New Hampshire Hotel Benefits From Leafy Green Machine

After an early February winter storm, more than a foot of snow accumulated in Concord, N.H., but that didn’t prevent employees of the Courtyard Marriott Grappone Conference Center from heading outdoors to harvest organic salad greens. Despite freezing temperatures, the hotel is growing an abundance of lettuce, kale, spinach, arugula, and basil. So what’s their big secret?

In November, Boston-based startup Freight Farms unloaded a 40-foot-long insulated freight container in the property’s parking lot. Referred to as the Leafy Green Machine, the unit is outfitted with advanced climate technology that creates the optimal growing conditions needed to maximize any harvest. So come rain, snow, hail or sleet, the Grappone Center will be able to grow leafy greens hydroponically year-round. The hotel’s owner Steve Duprey says their Leafy Green machine is only the fourth unit Freight Farms has installed so far and marks the first one in use at a hotel facility.

“We’ve been building gradually, but when fully mobilized, we’ll produce the equivalent of 700 heads of lettuce a week in a 320-square-foot repurposed freight box,” he says.


The conference center already had 30,000 bees living on the roof that produce all of the honey needed for its kitchens and guest events. Executive Chef Trish Taylor had been pushing Duprey for a garden also, but there wasn’t a lot of excess room to build one. When the freight farm showed up, no one was more enthusiastic than Taylor. “She is into it big time,” Duprey says.

Using a tablet, Taylor or the conference center’s operations manager can control everything from the time of daylight to the speed of water flow to how strongly the fans run inside the container. “They don’t even have to go in except once a week to harvest and plant new seeds,” Duprey says.

In addition to producing more than enough greens to support guest services at the hotel and conference center, Duprey says the farm helps reduce the property’s carbon footprint. “Instead of shipping greens from California, Arizona, or Florida in January, February, March, and April, we walk out back and the chef goes into the freight farm, sees greens, cuts what she wants, and takes it to use it that day.”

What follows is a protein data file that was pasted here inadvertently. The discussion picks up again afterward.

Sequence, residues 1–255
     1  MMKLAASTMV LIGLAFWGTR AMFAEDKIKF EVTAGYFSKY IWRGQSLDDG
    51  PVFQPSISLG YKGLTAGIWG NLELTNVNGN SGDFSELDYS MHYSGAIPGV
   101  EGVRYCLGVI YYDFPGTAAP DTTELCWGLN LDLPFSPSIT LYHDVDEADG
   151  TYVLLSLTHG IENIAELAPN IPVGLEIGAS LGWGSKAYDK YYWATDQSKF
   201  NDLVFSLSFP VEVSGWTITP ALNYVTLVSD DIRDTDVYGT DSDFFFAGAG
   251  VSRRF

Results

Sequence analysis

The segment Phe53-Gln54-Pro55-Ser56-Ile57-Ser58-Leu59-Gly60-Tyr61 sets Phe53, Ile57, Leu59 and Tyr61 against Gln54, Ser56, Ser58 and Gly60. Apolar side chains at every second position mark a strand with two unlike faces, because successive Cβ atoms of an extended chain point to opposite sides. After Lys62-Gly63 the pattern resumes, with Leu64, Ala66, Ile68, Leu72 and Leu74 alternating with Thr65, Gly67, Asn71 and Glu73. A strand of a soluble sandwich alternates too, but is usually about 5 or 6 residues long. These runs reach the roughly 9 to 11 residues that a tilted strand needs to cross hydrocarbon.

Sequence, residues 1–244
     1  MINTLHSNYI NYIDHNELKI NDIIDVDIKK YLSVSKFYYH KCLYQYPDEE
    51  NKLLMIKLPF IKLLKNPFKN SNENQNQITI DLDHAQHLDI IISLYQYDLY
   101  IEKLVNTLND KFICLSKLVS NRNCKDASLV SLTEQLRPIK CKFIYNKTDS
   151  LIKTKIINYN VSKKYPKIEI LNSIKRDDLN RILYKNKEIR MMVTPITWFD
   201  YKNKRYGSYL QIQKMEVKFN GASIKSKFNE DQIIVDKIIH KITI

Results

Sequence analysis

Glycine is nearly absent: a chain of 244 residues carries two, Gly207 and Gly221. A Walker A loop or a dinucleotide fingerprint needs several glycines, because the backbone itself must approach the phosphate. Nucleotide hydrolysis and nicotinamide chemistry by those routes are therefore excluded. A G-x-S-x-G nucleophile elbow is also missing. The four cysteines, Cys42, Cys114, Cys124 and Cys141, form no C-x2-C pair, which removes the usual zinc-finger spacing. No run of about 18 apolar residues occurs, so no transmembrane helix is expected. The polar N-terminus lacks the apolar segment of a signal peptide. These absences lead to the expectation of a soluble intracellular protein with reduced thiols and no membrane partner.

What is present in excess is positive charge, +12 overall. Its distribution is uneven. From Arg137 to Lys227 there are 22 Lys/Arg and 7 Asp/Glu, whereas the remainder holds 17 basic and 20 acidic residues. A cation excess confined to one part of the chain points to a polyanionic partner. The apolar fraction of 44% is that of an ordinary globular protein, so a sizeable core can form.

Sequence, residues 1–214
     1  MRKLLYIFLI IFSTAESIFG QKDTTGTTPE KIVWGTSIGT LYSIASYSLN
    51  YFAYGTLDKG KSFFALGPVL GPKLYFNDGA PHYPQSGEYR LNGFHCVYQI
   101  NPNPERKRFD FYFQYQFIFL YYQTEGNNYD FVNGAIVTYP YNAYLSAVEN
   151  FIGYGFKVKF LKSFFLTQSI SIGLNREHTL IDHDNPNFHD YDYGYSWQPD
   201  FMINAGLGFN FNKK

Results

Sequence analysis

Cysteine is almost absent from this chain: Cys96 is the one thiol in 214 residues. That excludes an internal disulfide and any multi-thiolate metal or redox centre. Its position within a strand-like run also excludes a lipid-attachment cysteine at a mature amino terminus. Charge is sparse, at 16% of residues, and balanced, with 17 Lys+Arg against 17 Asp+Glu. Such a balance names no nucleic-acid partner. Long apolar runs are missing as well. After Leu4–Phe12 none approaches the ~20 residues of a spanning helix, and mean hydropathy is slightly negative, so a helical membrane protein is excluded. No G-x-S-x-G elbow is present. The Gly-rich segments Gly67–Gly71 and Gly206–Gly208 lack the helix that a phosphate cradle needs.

On an annual basis, the Grappone Center was spending an average of $1.72 per head of lettuce, Duprey says, and now it can produce $80,000 to $90,000 of salad greens annually. In the winter, fresh basil in New Hampshire costs about $15 a pound, he adds, but the freight farm can produce it for about a tenth of that. The hotel’s top-end cost, when factoring in labor, utilities, seeds, and nutrients, is approximately $25,000, Duprey says. “It’s a very good payback ratio.”

Growing their own greens will not displace local farmers, Duprey stresses. The hotel and conference center has not been able to buy enough organic, locally produced greens, particularly in winter. “Our problem is, when we need 500 heads of lettuce three days in a row, we strain just about every small producer here in our region,” he explains. Local growers also prefer to sell retail at farmers markets rather than to large businesses like the Grappone Center that want to pay wholesale prices.

Duprey owns two other hotels in Concord, a Residence Inn and a Comfort Inn, which are also benefiting from the surplus of greens produced by the Leafy Green Machine. Duprey also is talking to local food co-ops and juiceries about purchasing excess greens, and he has had calls from a number of local restaurants that want access to it.

“You can give these plants 18 hours of pest-free ideal temperature, ideal growing conditions, a constant steady supply of water, and nutrients,” Duprey says. “No wonder they grow.”